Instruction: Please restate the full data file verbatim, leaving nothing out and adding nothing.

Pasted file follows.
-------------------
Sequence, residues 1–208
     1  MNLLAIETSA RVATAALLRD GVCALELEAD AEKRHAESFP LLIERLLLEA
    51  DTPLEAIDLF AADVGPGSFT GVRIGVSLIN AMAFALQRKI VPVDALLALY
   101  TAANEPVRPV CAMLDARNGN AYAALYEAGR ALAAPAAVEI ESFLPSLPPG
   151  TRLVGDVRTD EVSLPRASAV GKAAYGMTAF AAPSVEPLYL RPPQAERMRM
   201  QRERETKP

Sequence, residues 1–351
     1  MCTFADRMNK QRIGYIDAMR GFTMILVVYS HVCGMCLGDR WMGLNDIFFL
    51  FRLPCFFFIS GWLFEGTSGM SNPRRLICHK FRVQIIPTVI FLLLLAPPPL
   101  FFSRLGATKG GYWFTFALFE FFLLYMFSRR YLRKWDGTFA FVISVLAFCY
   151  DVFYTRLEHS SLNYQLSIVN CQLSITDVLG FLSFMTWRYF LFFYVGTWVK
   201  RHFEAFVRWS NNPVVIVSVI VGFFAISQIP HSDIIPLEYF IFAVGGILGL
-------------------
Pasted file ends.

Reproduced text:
Sequence, residues 1–208
     1  MNLLAIETSA RVATAALLRD GVCALELEAD AEKRHAESFP LLIERLLLEA
    51  DTPLEAIDLF AADVGPGSFT GVRIGVSLIN AMAFALQRKI VPVDALLALY
   101  TAANEPVRPV CAMLDARNGN AYAALYEAGR ALAAPAAVEI ESFLPSLPPG
   151  TRLVGDVRTD EVSLPRASAV GKAAYGMTAF AAPSVEPLYL RPPQAERMRM
   201  QRERETKP

Sequence, residues 1–351
     1  MCTFADRMNK QRIGYIDAMR GFTMILVVYS HVCGMCLGDR WMGLNDIFFL
    51  FRLPCFFFIS GWLFEGTSGM SNPRRLICHK FRVQIIPTVI FLLLLAPPPL
   101  FFSRLGATKG GYWFTFALFE FFLLYMFSRR YLRKWDGTFA FVISVLAFCY
   151  DVFYTRLEHS SLNYQLSIVN CQLSITDVLG FLSFMTWRYF LFFYVGTWVK
   201  RHFEAFVRWS NNPVVIVSVI VGFFAISQIP HSDIIPLEYF IFAVGGILGL